To expand Constantin's post: Any gun is going to have a lobe at 180 degrees. Maximum rejection for most of these mics is at 120 degrees. The biggest quality difference between different guns is how -flat- the response is from off-axis. That's where reflections in a small room or close to the ceiling can give you problems.
  18. New York Times has an excellent technical explanation of this week's acoustic 'blue dress / gold dress' meme, with an interactive tool that lets you simulate different listening/auditory conditions. https://nyti.ms/2L4DQJO The original issue is, I believe, due to a badly implemented speech synthesizer. But there's a lesson in there for all of us, about the importance of accurate recording / equalization / monitoring.
  19. Jay Rose

    Advice for a novice

    Funny thing: I did a presentation for our combined SMPTE/AES chapters a few years ago, with the title "Magic Microphones". Here's a video.
  20. Jay Rose

    THX: The Deep Note

    That's because they had to record it to a click, while watching pix...
  21. +1 Phllip I'm considered pretty good at film sound and writing about it. But the year I tried teaching -- at a major 4 year music/recording college -- was a waste. I enjoyed developing the lectures (and the esthetic behind them), and the students gave me good ratings, but something was missing. It was a few years later, when I watched my wife-to-be teach high school science, that I realized what was wrong. I was teaching the subject. She was teaching the kids. Totally different. One might even argue I'm a better scientist than her. But she's a heck of a lot better teacher.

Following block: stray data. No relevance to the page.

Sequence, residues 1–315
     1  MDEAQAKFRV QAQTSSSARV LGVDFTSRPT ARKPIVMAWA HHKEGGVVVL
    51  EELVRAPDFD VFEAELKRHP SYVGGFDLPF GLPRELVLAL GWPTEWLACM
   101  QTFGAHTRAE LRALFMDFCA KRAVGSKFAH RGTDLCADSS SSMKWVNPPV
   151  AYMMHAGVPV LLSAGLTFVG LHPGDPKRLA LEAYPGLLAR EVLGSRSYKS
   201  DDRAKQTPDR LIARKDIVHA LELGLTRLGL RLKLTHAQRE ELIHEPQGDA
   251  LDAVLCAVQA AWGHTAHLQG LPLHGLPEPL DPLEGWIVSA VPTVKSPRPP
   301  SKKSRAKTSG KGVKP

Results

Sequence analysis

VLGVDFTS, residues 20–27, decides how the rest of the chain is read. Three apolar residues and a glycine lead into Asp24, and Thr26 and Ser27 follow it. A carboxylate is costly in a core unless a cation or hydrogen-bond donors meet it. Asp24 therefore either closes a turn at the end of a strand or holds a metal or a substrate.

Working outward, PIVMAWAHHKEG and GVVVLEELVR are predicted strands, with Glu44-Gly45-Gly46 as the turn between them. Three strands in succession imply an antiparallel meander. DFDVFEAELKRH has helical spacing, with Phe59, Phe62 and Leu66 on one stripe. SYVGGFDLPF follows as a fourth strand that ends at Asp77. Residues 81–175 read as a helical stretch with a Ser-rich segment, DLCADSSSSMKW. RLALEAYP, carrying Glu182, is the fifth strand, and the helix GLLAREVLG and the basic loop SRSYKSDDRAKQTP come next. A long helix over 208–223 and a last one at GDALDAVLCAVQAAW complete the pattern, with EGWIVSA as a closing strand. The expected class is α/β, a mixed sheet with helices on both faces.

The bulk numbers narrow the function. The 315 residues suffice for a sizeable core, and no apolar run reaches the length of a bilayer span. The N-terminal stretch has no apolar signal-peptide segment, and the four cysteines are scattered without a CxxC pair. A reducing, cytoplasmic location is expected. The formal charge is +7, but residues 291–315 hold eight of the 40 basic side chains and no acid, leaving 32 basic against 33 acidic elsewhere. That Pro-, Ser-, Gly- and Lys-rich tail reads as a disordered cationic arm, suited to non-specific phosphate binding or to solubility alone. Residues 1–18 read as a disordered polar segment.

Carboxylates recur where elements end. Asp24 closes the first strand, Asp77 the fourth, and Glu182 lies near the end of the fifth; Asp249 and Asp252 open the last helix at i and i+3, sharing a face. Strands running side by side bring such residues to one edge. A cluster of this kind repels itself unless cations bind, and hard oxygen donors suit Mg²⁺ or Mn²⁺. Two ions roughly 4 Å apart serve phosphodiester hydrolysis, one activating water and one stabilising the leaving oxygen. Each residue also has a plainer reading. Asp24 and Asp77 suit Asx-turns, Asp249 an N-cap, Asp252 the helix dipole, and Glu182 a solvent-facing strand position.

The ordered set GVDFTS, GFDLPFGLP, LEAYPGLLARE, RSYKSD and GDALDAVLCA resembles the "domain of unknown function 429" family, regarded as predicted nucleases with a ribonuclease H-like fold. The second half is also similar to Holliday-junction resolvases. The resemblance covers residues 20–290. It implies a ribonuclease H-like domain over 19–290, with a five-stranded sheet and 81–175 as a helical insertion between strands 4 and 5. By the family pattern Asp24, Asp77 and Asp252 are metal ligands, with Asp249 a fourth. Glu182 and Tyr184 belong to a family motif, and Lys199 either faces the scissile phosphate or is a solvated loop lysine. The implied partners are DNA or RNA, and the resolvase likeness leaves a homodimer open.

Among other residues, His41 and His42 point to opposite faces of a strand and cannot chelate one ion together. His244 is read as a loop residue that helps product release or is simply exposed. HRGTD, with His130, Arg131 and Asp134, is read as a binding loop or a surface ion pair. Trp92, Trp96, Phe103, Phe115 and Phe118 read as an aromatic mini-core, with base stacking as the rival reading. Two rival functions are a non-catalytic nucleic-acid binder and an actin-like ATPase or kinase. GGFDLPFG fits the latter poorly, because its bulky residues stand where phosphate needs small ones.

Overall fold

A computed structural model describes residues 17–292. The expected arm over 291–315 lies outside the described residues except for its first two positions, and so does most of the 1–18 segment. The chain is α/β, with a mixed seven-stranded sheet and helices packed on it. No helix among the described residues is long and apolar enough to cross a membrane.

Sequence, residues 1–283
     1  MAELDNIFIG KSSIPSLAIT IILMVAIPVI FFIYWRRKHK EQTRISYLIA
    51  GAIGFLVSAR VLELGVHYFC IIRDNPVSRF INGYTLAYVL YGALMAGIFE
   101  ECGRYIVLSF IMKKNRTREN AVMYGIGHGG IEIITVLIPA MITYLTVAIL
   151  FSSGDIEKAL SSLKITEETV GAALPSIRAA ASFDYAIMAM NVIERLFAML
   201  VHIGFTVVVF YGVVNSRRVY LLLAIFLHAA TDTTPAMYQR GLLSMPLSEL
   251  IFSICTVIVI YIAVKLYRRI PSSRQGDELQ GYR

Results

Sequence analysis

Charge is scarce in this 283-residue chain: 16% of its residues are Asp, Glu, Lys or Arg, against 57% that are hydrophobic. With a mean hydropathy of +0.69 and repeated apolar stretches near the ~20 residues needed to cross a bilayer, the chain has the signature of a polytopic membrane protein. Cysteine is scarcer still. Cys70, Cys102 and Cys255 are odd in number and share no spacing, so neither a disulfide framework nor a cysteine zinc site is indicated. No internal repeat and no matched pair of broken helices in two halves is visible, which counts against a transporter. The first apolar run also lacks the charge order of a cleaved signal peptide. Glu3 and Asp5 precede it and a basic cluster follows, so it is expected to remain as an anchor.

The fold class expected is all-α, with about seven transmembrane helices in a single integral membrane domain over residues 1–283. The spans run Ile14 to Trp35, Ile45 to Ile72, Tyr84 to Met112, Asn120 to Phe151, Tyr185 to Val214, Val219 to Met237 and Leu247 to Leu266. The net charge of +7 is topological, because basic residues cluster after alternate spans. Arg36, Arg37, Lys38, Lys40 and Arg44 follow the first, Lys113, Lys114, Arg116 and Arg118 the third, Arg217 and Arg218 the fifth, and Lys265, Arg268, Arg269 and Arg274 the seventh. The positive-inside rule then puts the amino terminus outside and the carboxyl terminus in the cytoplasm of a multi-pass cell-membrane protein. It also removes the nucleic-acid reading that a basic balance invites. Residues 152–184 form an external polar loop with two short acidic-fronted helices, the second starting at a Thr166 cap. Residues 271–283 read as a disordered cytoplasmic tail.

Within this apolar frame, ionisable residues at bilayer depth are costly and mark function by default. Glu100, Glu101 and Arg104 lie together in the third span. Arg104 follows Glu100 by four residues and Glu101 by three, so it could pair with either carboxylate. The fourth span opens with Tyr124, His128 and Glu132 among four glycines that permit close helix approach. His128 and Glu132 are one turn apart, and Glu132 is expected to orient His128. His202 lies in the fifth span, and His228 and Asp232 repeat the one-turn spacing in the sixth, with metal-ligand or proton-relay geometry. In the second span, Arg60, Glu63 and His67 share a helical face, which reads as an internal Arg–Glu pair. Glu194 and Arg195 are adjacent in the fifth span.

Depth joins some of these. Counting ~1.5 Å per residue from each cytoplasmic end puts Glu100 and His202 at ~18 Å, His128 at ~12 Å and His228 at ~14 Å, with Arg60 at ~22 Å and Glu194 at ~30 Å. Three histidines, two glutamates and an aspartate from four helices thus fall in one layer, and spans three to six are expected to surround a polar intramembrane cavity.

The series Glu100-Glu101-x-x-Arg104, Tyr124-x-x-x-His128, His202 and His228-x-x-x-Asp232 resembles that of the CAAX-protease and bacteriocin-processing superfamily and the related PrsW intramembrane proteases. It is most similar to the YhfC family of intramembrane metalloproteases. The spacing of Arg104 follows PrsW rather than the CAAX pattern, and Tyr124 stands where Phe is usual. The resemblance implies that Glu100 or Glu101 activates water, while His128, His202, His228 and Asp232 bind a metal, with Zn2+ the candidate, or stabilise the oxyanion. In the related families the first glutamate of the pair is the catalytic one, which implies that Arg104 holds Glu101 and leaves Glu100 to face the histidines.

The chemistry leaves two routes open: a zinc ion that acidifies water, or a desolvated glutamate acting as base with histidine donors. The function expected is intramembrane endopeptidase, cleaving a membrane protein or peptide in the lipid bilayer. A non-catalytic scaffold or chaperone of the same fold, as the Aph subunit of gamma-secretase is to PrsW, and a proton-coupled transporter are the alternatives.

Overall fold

22. Jay Rose

    Car as "wild lines" booth

    If you must record in a car, give us two imultaneous tracks: one with a mic where you think it sounds good, and one very tight. While a close mic will never sound like a properly distanced one, in this case it might be easier to treat the close track and add the seashore waves, than to try to "un-car" this distant one that's been polluted by boxy acoustics. Ideally, talk to production and audio post about it before shooting. Since this is a low-budget film, it might actually be easier to get the team together... and post might consist of one person who's both editing and dubbing.